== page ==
Pertinent, once again, is language from an 80-year-old precedent, this time of ours, in People v Fielding ( 158 N.Y. 542, 547) in reversing the defendant's conviction because of the District Attorney's improper summation: "Language which might be permitted to counsel in summing up a civil action cannot with propriety be used by a public prosecutor, who is a quasi-judicial officer, representing the People of the state, and presumed to act impartially in the interest only of justice. If he lays aside the impartiality that should characterize his official action to become a heated partisan, and by vituperation of the prisoner and appeals to prejudice seeks to procure a conviction at all hazards, he ceases to properly represent the public interest, which demands no victim, and asks no conviction through the aid of passion, sympathy or resentment."

Lest it be thought that such is no longer the concept of a prosecutor's function, I note the more recent decisions in People v Arce ( 42 N.Y.2d 179); People v Ashwal, (supra); People v Alicea ( 37 N.Y.2d 601); People v Lombardi ( 20 N.Y.2d 266); People v Steinhardt ( 9 N.Y.2d 267; see, also, ABA Standards, Prosecution Function [1980], §§ 3-5.6, 3-5.7, 3-5.8), which make clear our steadfast adherence to it until the present case.


The use of such tactics by a prosecutor sullies not only the trial process but the appellate process as well. This is because the real issue on appeal becomes not was defendant fairly tried but a balancing of whether his guilt is sufficiently clear that the cost of retrial and risk of prejudice to the People's case from possible unavailability at retrial of prosecution witnesses should not be run. Stated another way, as the Second Circuit in its recent decision in United States v Modica ( 663 F.2d 1173, 1181) noted, there is "a denial of due process when the improper statements [conduct] cause substantial prejudice to the defendant" but often "the existence of substantial prejudice turns upon the strength of the government's case: if proof of guilt is strong, then the prejudicial effect of the comments tends to be deemed insubstantial; if proof of guilt is weak, then improper statements are more likely to result in reversal". Not only does such balancing involve appellate courts in what is essentially a function of the jury rather than an appellate court (People v Mleczko, 298 N.Y. 153, 163), but also it involves a painstaking and searching parsing of the trial transcript of a kind not normally engaged in. One is left with the uneasy feeling that not all trials found not to have been conducted to defendant's substantial prejudice have in fact been fairly tried. The constitutional mandate then tends to become inverted, a defendant convicted at an essentially unfair trial being required to make a showing of prejudice which will be, at best, difficult to establish.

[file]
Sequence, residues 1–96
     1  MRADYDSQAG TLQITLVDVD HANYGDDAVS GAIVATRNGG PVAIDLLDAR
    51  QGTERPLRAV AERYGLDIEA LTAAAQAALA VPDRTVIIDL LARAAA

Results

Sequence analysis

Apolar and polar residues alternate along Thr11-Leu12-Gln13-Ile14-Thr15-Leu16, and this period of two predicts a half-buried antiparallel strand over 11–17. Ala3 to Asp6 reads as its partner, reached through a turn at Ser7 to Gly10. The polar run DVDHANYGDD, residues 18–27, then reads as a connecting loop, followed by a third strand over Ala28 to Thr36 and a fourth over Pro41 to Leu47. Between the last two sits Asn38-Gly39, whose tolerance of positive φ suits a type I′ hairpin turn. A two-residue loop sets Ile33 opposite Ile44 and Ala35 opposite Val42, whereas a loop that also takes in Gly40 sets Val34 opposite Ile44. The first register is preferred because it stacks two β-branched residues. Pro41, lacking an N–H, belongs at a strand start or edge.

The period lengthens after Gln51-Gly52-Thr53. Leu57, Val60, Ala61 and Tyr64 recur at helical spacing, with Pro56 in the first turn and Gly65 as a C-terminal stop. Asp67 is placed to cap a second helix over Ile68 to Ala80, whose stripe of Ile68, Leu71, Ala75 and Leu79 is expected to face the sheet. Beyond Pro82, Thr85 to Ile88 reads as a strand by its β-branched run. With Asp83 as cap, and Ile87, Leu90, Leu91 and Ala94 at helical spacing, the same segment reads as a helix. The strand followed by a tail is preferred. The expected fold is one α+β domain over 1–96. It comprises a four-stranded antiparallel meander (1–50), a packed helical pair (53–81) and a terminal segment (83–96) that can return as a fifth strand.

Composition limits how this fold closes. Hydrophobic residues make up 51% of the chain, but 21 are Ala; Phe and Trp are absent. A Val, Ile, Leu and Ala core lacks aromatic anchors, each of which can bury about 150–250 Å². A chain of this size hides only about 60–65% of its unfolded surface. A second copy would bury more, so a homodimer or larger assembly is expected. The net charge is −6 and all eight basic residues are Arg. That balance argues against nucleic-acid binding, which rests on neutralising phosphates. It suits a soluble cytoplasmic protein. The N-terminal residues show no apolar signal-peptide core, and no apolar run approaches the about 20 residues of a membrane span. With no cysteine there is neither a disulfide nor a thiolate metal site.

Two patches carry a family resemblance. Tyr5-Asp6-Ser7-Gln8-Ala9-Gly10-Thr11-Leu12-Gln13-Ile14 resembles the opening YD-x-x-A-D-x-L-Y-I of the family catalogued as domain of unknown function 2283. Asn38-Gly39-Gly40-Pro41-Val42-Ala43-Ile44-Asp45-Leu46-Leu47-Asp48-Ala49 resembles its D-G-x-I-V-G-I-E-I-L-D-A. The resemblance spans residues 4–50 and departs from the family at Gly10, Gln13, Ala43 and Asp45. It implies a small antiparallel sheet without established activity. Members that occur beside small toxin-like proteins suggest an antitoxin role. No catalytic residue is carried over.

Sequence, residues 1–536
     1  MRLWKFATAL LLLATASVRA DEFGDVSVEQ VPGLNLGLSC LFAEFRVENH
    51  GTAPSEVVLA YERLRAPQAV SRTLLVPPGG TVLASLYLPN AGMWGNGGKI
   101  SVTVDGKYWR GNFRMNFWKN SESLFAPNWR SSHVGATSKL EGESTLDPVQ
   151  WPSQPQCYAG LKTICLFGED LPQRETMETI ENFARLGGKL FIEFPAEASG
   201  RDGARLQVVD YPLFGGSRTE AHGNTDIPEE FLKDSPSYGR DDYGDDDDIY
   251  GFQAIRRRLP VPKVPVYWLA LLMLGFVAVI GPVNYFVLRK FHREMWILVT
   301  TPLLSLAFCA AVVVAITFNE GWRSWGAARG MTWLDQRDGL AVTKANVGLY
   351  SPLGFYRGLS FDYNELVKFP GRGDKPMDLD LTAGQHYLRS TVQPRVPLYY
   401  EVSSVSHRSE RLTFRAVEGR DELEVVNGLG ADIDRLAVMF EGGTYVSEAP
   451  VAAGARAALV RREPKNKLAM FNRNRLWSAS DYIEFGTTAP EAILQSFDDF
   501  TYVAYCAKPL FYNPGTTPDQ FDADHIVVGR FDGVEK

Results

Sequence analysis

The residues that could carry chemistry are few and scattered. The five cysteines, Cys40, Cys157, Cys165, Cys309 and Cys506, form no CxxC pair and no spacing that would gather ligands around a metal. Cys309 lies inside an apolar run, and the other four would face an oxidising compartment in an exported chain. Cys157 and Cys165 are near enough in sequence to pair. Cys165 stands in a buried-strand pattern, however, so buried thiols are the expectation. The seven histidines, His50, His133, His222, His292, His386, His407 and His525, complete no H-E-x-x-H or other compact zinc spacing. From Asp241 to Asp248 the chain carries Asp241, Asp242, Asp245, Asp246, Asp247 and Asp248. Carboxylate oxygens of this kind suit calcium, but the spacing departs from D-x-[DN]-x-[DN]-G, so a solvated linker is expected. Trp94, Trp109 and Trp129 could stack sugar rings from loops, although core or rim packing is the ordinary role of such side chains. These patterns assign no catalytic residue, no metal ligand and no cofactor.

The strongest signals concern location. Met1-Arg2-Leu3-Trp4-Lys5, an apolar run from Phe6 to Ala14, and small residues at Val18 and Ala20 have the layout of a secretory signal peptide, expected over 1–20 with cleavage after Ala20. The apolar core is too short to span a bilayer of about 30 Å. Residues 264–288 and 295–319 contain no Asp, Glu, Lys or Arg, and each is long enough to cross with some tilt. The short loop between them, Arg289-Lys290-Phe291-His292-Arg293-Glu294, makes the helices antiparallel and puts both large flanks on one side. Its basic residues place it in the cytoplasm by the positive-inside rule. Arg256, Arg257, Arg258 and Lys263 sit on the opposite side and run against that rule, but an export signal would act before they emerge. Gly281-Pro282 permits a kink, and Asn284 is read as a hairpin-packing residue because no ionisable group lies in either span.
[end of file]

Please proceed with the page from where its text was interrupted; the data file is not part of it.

The majority opinion illustrates my point. To sustain the conviction it seizes upon the giving of curative instructions and the absence of a motion for mistrial, improprieties by defendant's counsel, and the fact that defendant did not contest that the crime had occurred, but pays no attention to the facts on defendant's side of the equation recited in the last paragraph of part I above. The proof of defendant's guilt was far from strong.